SECURE in the Knowledge - 02/06/2020
For earlier Food for Thought entries, please go to
the Food for Thought Archive.
No matter where you are this winter, you'll eventually need to know at least the high points of the new SECURE Act of 2019, much of which became effective on January 1, 2020. SECURE is another of those acronyms that Congress loves and this one stands for "Setting Every Community Up for Retirement Enhancement". It sounds like someone was determined to use that name and then worked overtime to come up with the words to make it happen.
Anyhow, while the law has 125 pages and 30 sections, some are more important to most of us than others. So here goes - and I'll get the bad news out of the way first.
Many of you probably know that if you die and have an IRA that's payable to your spouse as the beneficiary, he/she can "roll over" the account into a spousal IRA that allows the accrued income earned by the account to be taxed gradually over the spouse's remaining lifetime - rather than being taxed all at once at the death of the account owner. That's still the case - which is good, of course - but the bad news is that if there's no surviving spouse and the beneficiaries are the owner's children, for example, the deferral of income taxes now will generally last only 10 years and not be "stretched" over the entire lifetime of any of the children, as used to be the case. There are a few exceptions to the stretch-less rule, but they probably won't apply in the majority of cases. (One of the exceptions, though, is when the sole beneficiary is a person with special needs.)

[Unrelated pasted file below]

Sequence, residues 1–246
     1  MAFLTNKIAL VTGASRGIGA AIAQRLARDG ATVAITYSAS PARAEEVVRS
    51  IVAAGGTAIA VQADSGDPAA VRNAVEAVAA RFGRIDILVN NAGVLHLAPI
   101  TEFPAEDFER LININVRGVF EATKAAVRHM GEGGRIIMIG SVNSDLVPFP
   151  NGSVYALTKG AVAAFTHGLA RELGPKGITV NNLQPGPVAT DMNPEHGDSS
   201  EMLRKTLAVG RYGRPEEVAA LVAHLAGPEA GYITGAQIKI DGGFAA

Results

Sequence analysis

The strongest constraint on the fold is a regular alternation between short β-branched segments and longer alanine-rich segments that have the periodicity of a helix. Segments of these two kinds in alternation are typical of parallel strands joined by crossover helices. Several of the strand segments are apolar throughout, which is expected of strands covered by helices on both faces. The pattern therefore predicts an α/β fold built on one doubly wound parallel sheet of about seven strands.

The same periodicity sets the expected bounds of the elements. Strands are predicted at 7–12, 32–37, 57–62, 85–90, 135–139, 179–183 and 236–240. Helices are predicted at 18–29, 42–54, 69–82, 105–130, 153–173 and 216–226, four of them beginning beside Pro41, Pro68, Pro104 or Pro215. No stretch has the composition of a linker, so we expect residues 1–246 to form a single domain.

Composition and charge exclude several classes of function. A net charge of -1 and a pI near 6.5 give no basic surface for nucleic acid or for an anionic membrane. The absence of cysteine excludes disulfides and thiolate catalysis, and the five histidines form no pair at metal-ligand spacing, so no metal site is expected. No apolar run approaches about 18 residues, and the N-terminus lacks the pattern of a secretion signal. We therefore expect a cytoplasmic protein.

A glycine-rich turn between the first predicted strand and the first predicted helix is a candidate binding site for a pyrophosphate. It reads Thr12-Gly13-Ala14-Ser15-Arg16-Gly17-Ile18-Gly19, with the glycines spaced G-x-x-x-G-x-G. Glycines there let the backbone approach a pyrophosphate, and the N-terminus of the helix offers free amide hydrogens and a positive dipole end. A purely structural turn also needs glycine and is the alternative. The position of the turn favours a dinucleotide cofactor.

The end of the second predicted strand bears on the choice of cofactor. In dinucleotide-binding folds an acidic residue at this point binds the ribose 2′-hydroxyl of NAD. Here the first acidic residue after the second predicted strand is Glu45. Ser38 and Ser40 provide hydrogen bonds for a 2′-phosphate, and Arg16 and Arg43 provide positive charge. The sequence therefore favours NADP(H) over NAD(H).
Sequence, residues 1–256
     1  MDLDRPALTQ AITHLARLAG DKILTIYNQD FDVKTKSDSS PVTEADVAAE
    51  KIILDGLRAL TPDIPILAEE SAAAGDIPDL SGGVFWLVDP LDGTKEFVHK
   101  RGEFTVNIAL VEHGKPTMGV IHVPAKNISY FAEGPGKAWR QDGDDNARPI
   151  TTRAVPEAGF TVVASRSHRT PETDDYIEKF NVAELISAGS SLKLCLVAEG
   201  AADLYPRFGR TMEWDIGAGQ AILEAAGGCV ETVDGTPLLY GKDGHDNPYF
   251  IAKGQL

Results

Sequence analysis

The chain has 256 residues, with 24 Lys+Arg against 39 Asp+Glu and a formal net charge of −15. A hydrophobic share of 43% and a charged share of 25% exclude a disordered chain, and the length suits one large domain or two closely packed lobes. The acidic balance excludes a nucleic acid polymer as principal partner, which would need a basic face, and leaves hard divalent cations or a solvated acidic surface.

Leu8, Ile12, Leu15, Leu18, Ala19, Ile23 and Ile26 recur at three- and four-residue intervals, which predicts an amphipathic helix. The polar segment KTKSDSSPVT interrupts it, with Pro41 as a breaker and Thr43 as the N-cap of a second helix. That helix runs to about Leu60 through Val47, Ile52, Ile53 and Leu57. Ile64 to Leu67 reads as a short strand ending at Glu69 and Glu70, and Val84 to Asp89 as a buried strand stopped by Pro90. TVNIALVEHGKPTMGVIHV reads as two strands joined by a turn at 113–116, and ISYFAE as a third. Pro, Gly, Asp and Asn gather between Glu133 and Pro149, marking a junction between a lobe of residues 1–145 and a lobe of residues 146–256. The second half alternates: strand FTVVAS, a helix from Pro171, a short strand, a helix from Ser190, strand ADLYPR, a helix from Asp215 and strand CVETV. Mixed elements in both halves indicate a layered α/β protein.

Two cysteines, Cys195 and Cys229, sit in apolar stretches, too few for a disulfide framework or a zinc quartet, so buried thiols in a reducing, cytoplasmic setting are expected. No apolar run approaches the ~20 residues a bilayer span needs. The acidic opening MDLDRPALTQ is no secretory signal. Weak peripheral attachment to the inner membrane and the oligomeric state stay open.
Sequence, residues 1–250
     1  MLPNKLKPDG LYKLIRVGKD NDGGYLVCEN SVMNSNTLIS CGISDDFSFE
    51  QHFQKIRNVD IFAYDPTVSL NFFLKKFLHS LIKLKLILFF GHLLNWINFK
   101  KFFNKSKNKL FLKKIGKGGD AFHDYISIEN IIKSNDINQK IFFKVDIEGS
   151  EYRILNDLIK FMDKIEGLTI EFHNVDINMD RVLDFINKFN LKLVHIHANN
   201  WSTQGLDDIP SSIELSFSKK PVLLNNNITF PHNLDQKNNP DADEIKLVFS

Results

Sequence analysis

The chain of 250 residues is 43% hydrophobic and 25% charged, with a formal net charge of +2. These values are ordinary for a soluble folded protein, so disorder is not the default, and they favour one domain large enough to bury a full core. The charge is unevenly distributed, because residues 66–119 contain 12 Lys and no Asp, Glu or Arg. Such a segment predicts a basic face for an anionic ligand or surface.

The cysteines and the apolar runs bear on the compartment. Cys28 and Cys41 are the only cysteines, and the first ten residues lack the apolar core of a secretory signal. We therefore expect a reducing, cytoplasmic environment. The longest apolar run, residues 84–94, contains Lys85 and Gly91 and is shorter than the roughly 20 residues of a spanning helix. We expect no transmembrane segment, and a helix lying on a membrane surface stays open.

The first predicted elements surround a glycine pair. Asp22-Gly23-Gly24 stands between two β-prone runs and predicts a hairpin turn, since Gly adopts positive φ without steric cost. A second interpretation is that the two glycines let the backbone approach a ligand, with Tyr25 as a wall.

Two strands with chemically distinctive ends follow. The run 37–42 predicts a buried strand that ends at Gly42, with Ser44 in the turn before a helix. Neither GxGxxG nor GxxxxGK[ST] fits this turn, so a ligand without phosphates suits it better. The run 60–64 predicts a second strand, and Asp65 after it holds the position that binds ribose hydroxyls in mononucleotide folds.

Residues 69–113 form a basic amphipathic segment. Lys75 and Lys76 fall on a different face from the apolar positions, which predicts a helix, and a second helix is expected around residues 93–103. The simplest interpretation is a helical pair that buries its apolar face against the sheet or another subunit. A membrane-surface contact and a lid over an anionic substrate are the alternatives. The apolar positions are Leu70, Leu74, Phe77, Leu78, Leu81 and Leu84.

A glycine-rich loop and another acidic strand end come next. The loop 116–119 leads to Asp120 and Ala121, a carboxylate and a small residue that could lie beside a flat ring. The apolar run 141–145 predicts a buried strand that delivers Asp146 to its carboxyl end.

How about some good news? There's long been a restriction against people over 70 1/2 making contributions to their traditional IRAs. That's gone now, so if you just can't see yourself kicking back by 70 1/2, you'll be able to keep contributing to your IRA as long as you want - like you've been able to do with Roth IRAs. I'm sure this will warm the hearts of most of the people close to that age who voted for the act - you know, Congress.
Also, if you're still punching the clock and haven't yet celebrated your 70 1/2 birthday, you won't have to take a "required minimum distribution" from your retirement account until after reaching 72. This may not be a major improvement, but it's recognition that many people are working longer - like most of the Supreme Court . . . and Congress.
For younger readers, you may know there's been a 10% penalty for most withdrawals from retirement plans prior to reaching 59 1/2. The new penalty-free exceptions are for withdrawals of up to $5,000 for the costs of childbirth or adoption, for a period of one year beginning with the date of those happy events. And if the plan participant can pay back the funds, it can also be done without penalty.
There's a waiver of the withdrawal penalty, too, for distributions of up to $100,000 to cover expenses incurred in qualified disaster areas, such as those hit by devastating forest fires, tornadoes, and hurricanes - none of which, of course, could possibly be caused by climate change.
It's also a sign of the times that there's a growing number of home health care workers - which itself is a good thing. The problem was that many of them haven't been able to contribute to retirement accounts because their compensation often wasn't considered taxable income - which kept them from meeting the compensation thresholds for plan contributions. That restriction is now gone, and their compensation will now be factored into the plan contribution calculations.
Finally - at least for purposes of this very broad brush summary - if you're either the owner or a beneficiary of a so-called "Section 529 qualified tuition program account" (I guess they couldn't come up with an acronym), you should know that it can now also be used to cover the costs of many apprenticeship programs, including the fees, books, supplies and equipment required for participation. The good news here is that maybe we'll all be able to find more plumbers and electricians in the years ahead.
Posted 02/06/2020 - Misc.